“It will take a lot of time before things like NBA inventory is sold through a mechanism like this. But the long-tail advertising inventory, which is not inconsequential, will be monetized in the next 12 to 18 months through this platform.”

AT&T wants people watching HBO year round

“John Stankey, who runs WarnerMedia, is stepping up the investment in content to make sure we have a more robust cycle of content coming throughout the year.

“Right now, it’s very concentrated. You launch ‘Game of Thrones’ and it’s Sunday night viewership. You have customer patterns that come on for ‘Game of Thrones’ and go off when the season isn’t in full go.

“This is not trying to get to Netflix’s level of content investment on HBO itself. We just want to fill out the schedule.”

AT&T will leverage WarnerMedia to go D2C

“There’s an amazing library inside WarnerMedia that hasn’t been put to work, but that’s available for direct-to-consumer distribution.

“John Stankey is working on a new direct-to-consumer model that he’ll be announcing in the fourth quarter that brings to bear all the assets AT&T has.

“HBO can be core to any of this. But build around direct-to-consumer experiences that bring in Warner Bros. intellectual properties and all the sporting programs you can surround it with as well. We’ll give more detail on the strategy in the fourth quarter.”

Feds need to figure out net neutrality and privacy

“Congress really needs to act. Privacy being the one that’s most pressing right now.

“You have states engaging in privacy and passing laws to dictate the privacy rules around customer data use. Those rules are important and it’s important to codify those.

“It’s important that it not be done 50 different ways by 50 different states. And the EU is a totally different animal. I don’t even know how companies like ours, or Facebook or Google, could even operate in an environment like that. The need for legislation is pressing and we believe it needs to happen at the federal level.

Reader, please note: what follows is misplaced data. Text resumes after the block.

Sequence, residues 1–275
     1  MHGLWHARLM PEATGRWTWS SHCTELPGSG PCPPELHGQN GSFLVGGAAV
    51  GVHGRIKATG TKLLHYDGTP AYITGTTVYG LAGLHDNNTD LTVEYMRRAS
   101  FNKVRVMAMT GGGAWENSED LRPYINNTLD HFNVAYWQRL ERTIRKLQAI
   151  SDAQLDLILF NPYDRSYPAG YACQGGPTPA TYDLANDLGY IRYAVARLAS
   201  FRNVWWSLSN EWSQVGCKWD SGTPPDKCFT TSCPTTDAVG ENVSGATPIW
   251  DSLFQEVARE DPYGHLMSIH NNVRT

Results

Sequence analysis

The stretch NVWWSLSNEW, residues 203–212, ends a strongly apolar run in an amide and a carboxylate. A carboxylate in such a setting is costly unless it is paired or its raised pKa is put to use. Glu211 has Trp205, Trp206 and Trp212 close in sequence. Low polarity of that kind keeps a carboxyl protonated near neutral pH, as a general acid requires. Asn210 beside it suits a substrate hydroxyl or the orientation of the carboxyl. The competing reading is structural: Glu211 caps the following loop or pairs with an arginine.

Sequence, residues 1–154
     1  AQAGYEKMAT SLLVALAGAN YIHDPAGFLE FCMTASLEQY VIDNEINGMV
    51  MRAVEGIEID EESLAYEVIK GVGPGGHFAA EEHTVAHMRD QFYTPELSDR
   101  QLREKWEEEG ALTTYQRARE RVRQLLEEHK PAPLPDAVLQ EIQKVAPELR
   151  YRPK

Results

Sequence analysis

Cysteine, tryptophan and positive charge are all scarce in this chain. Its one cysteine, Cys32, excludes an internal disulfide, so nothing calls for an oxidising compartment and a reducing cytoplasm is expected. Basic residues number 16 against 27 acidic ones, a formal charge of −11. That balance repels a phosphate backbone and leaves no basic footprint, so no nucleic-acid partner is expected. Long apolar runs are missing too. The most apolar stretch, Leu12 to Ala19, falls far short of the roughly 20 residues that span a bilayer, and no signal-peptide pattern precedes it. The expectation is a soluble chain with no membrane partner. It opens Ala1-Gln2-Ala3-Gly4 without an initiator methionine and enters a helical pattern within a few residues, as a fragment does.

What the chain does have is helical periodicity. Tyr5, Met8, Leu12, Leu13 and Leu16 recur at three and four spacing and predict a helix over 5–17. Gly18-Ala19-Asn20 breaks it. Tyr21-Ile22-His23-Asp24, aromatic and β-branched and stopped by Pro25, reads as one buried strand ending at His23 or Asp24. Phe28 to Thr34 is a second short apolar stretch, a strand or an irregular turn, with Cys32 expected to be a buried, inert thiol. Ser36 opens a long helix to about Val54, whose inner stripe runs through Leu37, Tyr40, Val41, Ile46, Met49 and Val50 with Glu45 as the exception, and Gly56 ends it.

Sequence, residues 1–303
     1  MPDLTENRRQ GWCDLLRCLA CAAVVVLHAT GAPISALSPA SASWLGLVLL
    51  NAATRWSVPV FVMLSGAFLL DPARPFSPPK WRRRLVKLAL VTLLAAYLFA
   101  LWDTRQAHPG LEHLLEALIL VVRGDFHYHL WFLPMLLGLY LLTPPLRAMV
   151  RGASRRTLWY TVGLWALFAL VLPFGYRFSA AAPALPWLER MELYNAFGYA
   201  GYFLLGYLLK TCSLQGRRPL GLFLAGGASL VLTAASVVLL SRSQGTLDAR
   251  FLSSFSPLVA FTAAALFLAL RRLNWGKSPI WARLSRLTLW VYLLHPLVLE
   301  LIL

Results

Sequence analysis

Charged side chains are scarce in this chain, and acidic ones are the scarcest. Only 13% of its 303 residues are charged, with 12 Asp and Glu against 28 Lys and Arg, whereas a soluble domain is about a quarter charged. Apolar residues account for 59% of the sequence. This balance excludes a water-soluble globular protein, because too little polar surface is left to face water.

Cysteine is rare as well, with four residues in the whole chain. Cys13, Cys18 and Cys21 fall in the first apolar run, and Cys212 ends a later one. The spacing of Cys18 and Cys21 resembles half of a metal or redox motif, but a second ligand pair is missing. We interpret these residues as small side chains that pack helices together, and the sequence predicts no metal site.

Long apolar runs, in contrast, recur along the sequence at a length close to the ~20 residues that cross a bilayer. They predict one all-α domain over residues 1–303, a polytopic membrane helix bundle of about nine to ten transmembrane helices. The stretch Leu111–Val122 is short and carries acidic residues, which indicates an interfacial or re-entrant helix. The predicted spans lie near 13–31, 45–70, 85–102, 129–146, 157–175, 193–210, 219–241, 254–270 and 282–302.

“There’s effort afoot to make that happen and I think the folks in Congress understand the importance on this.

“There should be one cop on the beat – not the FCC and the FTC – we think the FTC needs to own it for everybody.

“But having 50 different states with different rules is not a recipe conducive to growth.

“With net neutrality, [former FCC Chairman] Tom Wheeler and President Obama’s administration swung the pendulum way over here. President Trump and Chairman [Ajit] Pai come in and the pendulum swings way over here.

“How do you operate in an environment like this? The states are also engaging. California has passed legislation for net neutrality. Other states are also passing it.

“We’re looking at 50 different rules for net neutrality.

“And what’s interesting here is that most players in the industry, whether tech, communications or media, agree: We need to have rules that say no blocking, no throttling, no prioritization of content.

“We need those rules in place and they need to be codified in legislation.

“If we don’t take this on, it becomes a constraint on capital investment, business model development and how people in tech think about investment.”